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U.C. Davis Business Law Journal




The biotechnology industry is one of the fastest growing fields in research and development. This may be attributed to the decision in Diamond v. Chakrabarty, where the Supreme Court held that a biotechnology invention was patent-eligible subject matter under 35 U.S.C. § 101. However, recent Supreme Court rulings have left the boundaries of § 101 uncertain, unworkable, and difficult for biotechnology industries to gain patent protections for their inventions. Before Congress enacted the AIA in 2011, the courts were the biggest influence on shaping the doctrine of patent eligible subject matter under § 101. But now with the new AIA post-grant proceedings, the PTAB plays an influential role in determining subject-matter eligibility.

Through the new AIA post-grant proceedings, the PTAB has the ability to hear petitions that challenge the validity of a patent under §§ 101, 102, 103, or 112. But after the recent decision in Praxair Distribution., Inc. v. Mallinckrodt Hospital Products IP Ltd., the PTAB may now begin exerting too much influence over the doctrine of § 101. This decision, a case heard in inter partes review, threatens to stretch the PTAB’s power dangerously thin. Under the AIA, cases reviewed in inter partes review may not present challenges on patentable subject matter under § 101. However, in Praxair, the PTAB used parts of a § 101 analysis to determine that the claims were ineligible subject matter. The Federal Circuit affirmed the PTAB’s reasoning, suggesting that PTAB may be able to expand the reach of § 101 and allow petitioners to bring eligibility claims in inter partes review—where it is statutorily not allowed. Overall, the PTAB’s power over eligible subject matter makes it easier for applications and patents to be invalidated under §101. This could particularly harm biotechnology and bioscience industries where patent protection is at a disadvantage.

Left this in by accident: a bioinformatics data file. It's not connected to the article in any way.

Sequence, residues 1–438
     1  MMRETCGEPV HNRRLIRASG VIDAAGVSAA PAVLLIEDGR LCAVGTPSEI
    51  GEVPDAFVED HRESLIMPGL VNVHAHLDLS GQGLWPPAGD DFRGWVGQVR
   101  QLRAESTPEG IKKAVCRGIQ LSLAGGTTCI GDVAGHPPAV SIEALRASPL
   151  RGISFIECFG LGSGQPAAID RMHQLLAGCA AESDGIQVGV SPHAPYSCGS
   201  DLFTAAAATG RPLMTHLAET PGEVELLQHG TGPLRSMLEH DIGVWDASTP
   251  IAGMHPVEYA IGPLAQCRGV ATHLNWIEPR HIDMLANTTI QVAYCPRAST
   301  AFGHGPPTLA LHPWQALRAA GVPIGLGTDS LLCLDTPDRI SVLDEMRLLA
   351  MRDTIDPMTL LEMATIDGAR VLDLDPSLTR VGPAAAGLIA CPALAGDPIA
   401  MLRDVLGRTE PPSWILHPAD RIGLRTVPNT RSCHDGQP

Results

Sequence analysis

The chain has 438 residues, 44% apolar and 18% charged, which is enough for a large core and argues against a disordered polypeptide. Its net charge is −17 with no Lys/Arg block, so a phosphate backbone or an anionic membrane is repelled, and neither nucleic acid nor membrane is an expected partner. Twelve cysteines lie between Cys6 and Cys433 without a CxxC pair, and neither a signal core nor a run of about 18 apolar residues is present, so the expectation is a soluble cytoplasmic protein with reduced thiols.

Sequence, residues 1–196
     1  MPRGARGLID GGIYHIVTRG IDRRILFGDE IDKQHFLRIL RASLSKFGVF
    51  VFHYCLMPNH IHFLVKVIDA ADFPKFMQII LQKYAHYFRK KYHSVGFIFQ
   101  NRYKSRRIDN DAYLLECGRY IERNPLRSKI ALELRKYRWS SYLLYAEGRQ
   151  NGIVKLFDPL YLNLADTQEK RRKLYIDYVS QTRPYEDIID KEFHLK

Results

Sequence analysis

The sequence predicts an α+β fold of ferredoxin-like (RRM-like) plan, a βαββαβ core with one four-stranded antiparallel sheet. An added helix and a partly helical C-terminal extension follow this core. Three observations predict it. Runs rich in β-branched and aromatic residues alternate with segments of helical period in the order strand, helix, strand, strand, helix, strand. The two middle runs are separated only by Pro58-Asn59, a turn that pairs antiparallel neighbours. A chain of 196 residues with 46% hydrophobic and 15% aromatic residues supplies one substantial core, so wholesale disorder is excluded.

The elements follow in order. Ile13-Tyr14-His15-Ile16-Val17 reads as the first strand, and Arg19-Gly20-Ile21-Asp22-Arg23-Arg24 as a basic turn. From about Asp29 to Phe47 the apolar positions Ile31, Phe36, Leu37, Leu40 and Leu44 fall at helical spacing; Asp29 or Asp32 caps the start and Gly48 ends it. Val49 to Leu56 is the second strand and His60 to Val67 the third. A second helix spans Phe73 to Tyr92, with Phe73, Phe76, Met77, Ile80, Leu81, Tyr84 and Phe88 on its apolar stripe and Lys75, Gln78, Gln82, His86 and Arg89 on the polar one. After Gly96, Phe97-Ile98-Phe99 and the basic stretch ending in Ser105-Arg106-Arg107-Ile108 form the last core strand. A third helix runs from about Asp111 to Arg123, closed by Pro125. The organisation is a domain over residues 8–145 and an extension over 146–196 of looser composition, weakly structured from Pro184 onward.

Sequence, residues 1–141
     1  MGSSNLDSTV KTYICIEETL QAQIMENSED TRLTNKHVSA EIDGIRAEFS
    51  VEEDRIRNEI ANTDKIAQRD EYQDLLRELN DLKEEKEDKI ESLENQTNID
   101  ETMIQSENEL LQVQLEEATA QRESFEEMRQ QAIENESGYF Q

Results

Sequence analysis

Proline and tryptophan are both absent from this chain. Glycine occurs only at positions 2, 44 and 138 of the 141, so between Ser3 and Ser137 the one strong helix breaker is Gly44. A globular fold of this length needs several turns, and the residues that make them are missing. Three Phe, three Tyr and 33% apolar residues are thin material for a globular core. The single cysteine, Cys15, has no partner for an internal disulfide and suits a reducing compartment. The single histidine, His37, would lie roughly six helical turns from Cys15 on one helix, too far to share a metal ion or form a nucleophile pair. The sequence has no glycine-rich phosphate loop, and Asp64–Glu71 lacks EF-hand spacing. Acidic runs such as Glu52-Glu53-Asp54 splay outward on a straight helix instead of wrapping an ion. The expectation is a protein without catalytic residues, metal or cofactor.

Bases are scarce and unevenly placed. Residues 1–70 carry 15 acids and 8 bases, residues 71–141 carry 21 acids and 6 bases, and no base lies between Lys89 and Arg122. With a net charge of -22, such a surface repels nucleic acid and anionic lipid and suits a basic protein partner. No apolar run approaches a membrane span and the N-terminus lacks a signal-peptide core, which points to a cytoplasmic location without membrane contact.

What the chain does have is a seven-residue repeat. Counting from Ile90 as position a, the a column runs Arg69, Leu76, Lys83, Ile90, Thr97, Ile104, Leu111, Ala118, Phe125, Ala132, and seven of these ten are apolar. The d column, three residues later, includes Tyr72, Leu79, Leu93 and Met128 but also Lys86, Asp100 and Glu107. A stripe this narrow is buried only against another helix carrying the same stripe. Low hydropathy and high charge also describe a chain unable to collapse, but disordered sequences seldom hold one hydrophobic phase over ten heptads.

This Note will discuss how the Supreme Court and PTAB have affected the subject-matter eligibility under § 101 and how this impacts patent rights for biotechnology innovation. Specifically, this Note will discuss how the PTAB’s decision in Praxair has expanded the scope of inter partes review and further added to the uncertainty of patentable subject matter.

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University of California - Davis

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